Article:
Turn-of-the-century European artists made major efforts to unearth the meaning of the new technique of photography and explore its potential roles in the art world. Just as they do with technology today, artists then found ways of applying the new medium in their paintings and sculptures. They used the remarkable opportunity the camera gave them to investigate their themes more intensely or to photograph their own works as a way of seeing them in a new light. Artists were generally enthusiastic about the capacity of photography to reveal what was hidden to the naked eye; X-ray photographs, action photographs and double exposure all helped them in their efforts to capture the images they wanted.
Degas to Picasso: Painters, Sculptors, and the Camera brings together works in a broad spectrum of media, with more than 350 paintings, drawings, sculptures, works on paper and photographs dating from 1860 to 1940. Included are works by prominent and influential artists such as Edgar Degas, Paul Gauguin, Pablo Picasso, Auguste Rodin, Edvard Munch, Gustave Moreau, Constantin Brancusi, Edouard Vuillard, Pierre Bonnard, and Alphonse Mucha, as well as important but less widely-recognized artists including Medardo Rosso, Fernand Khnopff, Franz von Stuck, and Félix Vallotton. The works selected show how differently artists reacted to, and made use of, the new medium. The exhibition also includes vintage prints by the period's professional photographers, notably Edward Steichen and Eadweard Muybridge, as well as popular photography of the day, such as picture postcards and snapshots.
While the role photography played in their creative processes varied greatly, many of these artists shared an aesthetic vision that differed from those of previous art movements and marked a radical change in the turn-of-the-century perception of reality. A common thread among those aligned with the symbolist movement emerged from the philosophies of Henri Bergson and Sigmund Freud, which toppled the notion of a perceivable, universal reality in favor of a subjective, more personal view of reality. This sparked symbolist artists, and those influenced by their ideas, to shed light on the mental and inner psychic realm that cannot be revealed by simply mimicking nature. The technique of photography provided the perfect metaphor for revealing details overlooked by the human eye, bringing to light precisely that which lies hidden from view.
The evolution of photography in this symbolist period had a fascinating and often unrecognized impact on artists, even those, such as Edgar Degas, not typically associated with the Symbolist movement. Degas experimented with elaborate and by then old-fashioned photographic equipment, exploring in this medium the motifs and aesthetic issues that preoccupied him generally. His portraits of sitters, at times in almost total darkness, reveal a search for something within their personalities that could not be seen in the light of day. The exhibition also demonstrates that, besides being a pioneering graphic artist of the Art Nouveau movement, Alphonse Mucha was also a prolific and very demanding photographer. Fernand Khnopff and Gustave Moreau were two of a number of artists who sometimes meticulously reworked photographic reproductions to transform them into new works of art. In the early 20th century, Picasso's involvement with photography ranged from his amateur portraits of friends, to photographs of his works in progress and a collection of postcard images reproducing works by many old masters.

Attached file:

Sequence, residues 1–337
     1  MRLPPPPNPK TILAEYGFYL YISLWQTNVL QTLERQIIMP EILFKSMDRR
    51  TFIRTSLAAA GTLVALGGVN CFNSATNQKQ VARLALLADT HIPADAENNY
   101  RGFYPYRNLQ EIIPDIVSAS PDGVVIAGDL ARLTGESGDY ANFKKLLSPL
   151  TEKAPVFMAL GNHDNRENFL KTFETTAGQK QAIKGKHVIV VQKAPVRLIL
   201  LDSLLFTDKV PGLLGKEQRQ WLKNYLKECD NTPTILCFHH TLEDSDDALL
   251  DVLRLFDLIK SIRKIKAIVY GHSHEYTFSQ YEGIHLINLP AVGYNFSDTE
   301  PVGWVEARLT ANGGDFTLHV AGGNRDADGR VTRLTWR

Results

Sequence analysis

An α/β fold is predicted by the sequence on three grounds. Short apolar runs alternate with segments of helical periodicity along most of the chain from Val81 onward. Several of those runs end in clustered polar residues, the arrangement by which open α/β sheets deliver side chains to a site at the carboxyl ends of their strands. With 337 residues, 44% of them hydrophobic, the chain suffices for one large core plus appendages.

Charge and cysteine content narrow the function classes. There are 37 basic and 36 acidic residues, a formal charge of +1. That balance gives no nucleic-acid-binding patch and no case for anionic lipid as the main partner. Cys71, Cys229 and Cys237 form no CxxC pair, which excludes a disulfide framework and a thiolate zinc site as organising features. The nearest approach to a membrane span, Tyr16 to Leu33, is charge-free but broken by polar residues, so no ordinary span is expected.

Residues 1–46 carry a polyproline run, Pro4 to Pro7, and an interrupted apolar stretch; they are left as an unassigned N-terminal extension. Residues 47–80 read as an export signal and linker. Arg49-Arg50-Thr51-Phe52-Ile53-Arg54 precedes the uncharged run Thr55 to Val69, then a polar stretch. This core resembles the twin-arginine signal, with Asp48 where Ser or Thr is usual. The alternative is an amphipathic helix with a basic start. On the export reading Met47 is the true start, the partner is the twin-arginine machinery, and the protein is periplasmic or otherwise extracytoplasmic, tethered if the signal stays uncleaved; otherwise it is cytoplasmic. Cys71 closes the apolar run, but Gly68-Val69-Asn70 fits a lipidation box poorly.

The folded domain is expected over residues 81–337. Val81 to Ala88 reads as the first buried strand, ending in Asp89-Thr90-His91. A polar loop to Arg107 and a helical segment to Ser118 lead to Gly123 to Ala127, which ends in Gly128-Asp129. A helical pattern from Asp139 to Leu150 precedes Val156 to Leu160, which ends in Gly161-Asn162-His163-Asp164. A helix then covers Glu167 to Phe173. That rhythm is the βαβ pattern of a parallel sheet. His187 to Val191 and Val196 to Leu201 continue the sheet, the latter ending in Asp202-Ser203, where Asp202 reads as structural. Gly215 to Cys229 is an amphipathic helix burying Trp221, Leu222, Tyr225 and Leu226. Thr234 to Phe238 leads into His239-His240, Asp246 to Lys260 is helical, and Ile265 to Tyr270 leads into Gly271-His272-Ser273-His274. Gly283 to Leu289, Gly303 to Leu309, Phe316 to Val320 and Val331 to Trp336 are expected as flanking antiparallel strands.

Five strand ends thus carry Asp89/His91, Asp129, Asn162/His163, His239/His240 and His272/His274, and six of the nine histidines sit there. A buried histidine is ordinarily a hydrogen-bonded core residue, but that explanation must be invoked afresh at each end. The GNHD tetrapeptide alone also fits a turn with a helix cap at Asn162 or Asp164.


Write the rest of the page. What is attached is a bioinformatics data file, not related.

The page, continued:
Other artists included in the exhibition used photography to stimulate imagination or memory, something that can be seen clearly in the works of Paul Gauguin. Gauguin's Tahitian paintings were frequently inspired by postcards and other photographic images from exotic sources—such as the relief carvings from the Temple at Borobudur, Java or the Parthenon frieze from Athens—which he later carried with him on his journeys to the South Seas. Bonnard and Vuillard's innumerable Kodak snapshots form a body of images that capture the texture and subtleties of their day-to-day environment, revealing a thematic and formal consistency with their respective paintings. Edvard Munch used photography to capture an intense picture of the inner psychic terrain, strikingly illustrated in an array of his evocative and disturbing photographic self-portraits.
The impact of photography on sculpture-and vice-versa-can be seen in the works of Constantin Brancusi, Medardo Rosso and Auguste Rodin. Brancusi and Rosso used their own photographs as a means of controlling the interpretation of the works. Rodin never took photographs of his work himself, but commissioned images from an array of photographers, in particular Edward Steichen, whose works gave highly-charged new meanings to Rodin's sculptures.
The exhibition also analyzes the complex notion of photography as an art form at a time when it was frequently seen as a simple mechanical tool, even by the artists who made such prolific use of the medium. Despite the fact that many of the artists included in this exhibition publicly criticized photography, they all kept up a highly creative dialogue with it. The carefully elaborated photographs of Franz von Stuck and Fernand Khnopff, more than mere models or representations, are in fact highly complex imaginary artifacts. Other works, such as the photo self-portraits of Edvard Munch, Pierre Bonnard and Pablo Picasso, are the result of a process of introspection and psychological self-examination. By emphasizing the subjective use of the camera, the artists included in this exhibition ensured that photography would come to be seen as an art in itself.
Degas to Picasso: Painters, Sculptors, and the Camera is organized by the Dallas Museum of Art and curated by Dorothy Kosinski, the DMA's Barbara Thomas Lemmon Curator of European Art.